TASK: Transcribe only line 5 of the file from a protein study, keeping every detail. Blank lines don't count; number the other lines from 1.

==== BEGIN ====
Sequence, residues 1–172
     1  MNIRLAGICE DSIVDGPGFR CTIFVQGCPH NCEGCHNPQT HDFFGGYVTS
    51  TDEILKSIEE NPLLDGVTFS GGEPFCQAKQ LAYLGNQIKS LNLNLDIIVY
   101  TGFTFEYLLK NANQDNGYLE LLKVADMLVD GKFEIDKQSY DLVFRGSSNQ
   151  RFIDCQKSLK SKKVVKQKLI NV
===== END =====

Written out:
   151  RFIDCQKSLK SKKVVKQKLI NV